Reviews: Blade Runner
Great film, weakened by pseudo-dramatic twist (spoilers!)
Blade Runner is a hugely influential film, and for a very good reason. Its vision of the big, rain-drenched, corporate-owned city is still just a stunning now as it was 30 years ago. Its storyline is probably the most profound out of all classical sci-fi, with the possible exception of Gattaca. The central drive for the narrative is the question of what it means to be human, omnipresent throughout the film but most pointed in scenes with Rachel. However, a number of other films (like IRobot) also deal with that question. What makes Blade Runner truly great are the other themes it addresses, be it the morality of creating sentient beings for ulterior purposes and with no chance to define their own life or the nigh-universal desire for longevity and struggle to come terms with death, brilliantly embodied by Ronald Batty and all his monologues. Nearly every scene in the film is loaded with questions like these, both implicit and explicit. Needless to say, those themes would never strike home with inferior actors, and all of them are brilliant, as is soundtrack and Ridley Scott’s cinematography. Of course, the film does have its downsides. Most of the dedicated action scenes are rather sub-par. The final battle with Batty in an abandoned apartment block is an exception, brilliantly filmed and soaked with tension. It is no coincidence that this is only scene where Harrison Ford’s Deckard attacks first. In all other scenes, Deckard is a supposed expert Replicant killer who always manages to get ambushed by them get his ass kicked in rather predictable ways. This is especially apparent in the scenes with Zhora, whose character gets no distinct lines and seems to be present mainly for Fanservice. The greatest weakness of the film, however, is the final twist, which establishes Deckard as a Replicant, and Ridley Scott goes to confirm this as well. It significantly blunts what is otherwise a chillingly ambiguous ending: if they kept the origami figure but removed the unicorn dream and perhaps added a line or two about Deckard intending to test himself, we would be left with true uncertainty about the future of Rachel and Deckard, forced to question every action that happened in the film and decide for ourselves. Thanks to the twist, we now know they’re both Replicants and will be dead soon, which significantly curbs the mystery.
Oh, boy, we're in trouble...
Understand that this review is based on the '92 director's cut. I don't know why fellow nerds love this film. It drags on with its scenery, the characters barely do anything, and this film is just BORING. Seriously, I watched this in a double feature with Alone in the Dark, and I was more entertained by THAT than Blade Runner. Fellow nerds and geeks, prepare to sharpen your knives and pitchforks... THIS MOVIE SUCKS. (I might just be under the effect of Seinfeld Is Unfunny however...)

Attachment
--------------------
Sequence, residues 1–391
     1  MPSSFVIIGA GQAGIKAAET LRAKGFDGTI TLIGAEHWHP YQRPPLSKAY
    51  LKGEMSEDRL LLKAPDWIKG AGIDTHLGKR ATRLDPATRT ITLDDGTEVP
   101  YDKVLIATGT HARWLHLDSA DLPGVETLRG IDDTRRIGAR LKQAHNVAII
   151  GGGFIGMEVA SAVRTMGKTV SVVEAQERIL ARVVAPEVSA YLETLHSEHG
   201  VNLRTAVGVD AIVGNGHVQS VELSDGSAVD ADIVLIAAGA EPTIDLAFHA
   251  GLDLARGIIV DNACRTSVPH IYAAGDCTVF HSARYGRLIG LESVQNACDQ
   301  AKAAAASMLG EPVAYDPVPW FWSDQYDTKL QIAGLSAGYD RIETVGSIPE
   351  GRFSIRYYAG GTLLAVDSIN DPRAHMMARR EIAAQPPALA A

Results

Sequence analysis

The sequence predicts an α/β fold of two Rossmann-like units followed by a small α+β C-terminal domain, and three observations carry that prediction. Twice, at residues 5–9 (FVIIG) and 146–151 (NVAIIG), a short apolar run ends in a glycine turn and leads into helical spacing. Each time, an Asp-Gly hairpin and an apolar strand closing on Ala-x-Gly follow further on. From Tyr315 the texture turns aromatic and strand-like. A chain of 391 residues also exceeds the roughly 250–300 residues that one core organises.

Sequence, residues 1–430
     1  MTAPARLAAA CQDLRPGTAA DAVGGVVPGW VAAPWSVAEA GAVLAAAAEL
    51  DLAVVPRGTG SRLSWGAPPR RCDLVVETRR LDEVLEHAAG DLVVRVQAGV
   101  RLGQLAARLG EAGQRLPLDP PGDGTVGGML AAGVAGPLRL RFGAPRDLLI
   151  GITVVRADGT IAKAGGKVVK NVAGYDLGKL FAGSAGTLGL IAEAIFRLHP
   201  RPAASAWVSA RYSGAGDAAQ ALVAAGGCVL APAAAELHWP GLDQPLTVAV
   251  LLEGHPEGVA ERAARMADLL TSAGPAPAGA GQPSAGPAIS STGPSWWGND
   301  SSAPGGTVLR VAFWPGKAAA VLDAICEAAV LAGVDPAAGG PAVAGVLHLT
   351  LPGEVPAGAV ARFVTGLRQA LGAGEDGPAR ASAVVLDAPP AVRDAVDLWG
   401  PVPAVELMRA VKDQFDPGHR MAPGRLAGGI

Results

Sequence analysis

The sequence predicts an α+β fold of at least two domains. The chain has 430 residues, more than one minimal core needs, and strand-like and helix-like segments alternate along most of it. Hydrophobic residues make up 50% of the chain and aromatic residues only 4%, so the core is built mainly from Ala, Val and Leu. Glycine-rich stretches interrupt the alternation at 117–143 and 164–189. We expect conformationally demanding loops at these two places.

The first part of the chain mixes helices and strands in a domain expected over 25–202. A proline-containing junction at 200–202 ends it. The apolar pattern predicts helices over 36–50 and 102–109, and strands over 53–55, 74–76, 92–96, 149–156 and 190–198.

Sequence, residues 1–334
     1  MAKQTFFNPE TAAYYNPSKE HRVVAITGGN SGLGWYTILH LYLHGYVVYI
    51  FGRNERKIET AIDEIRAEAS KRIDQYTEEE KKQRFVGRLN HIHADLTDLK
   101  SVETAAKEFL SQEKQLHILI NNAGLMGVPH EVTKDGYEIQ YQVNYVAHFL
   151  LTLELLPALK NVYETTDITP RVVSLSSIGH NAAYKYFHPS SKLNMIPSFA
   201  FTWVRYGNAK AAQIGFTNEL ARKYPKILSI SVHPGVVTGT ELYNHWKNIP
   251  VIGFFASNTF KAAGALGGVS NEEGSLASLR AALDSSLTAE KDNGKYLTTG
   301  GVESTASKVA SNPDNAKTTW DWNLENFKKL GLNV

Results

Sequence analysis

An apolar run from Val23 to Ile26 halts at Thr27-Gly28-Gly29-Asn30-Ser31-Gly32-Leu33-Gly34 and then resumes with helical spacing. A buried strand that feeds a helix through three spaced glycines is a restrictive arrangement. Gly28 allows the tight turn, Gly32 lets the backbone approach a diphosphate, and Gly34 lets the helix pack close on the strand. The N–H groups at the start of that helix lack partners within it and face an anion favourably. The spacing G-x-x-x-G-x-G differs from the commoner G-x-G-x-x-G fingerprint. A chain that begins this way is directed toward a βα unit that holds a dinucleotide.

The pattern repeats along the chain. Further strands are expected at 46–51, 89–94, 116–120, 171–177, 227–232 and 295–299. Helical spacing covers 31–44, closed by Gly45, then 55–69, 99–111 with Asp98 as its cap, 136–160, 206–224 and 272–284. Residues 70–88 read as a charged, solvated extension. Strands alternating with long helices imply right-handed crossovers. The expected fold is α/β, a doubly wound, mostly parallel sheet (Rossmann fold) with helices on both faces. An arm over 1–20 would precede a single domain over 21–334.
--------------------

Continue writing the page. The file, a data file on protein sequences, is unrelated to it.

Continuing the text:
My Favorite for a Reason
Being a bookworm, I never really thought that a film adaptation could ever best the book it was based on, let alone overwhelmingly outshine it, and yet this is what Blade Runner accomplished. A visual masterpiece that breaks my heart to this day- the rain caught in the neon lights, the mist atop the buildings, the alien glow in a pupil- everything is a visual feast that takes my breath away. An in depth discussion of the nature of humanity featuring one of cinema's most underrated antagonists. Blade Runner is one of the best (if not the best) discussions of what makes someone human: the replicants can bleed and develop feelings and be as human as physically possible but the fact that they were created in a lab resigns them to life as servants and lesser creatures. Over the film, Deckard begins to questions his own humanity with every replicant he retires. One of the best parts about this movie was actually the result of an accident. The number of escaped replicants was incorrect which led to a goof of an extra missing replicant, a hole that would be filled by Deckard's questionable humanity. It sends shivers down my spine that such a silly mistake served to elevate the film even higher in its examination of humanity by making you and the protagonist question his own existence. But the best part is the ending where Batty saves Deckard's life and monologues about his own short existence, cloaked in a blue mist, bathed in a neon glow and silver drops as his life slowly ends to the tune of his own elegant final words. I can't properly describe my love for this film- I can only recommend that if you love excellent cinematography, sci-fi, and deep philosophical discussions, you should absolutely see this film.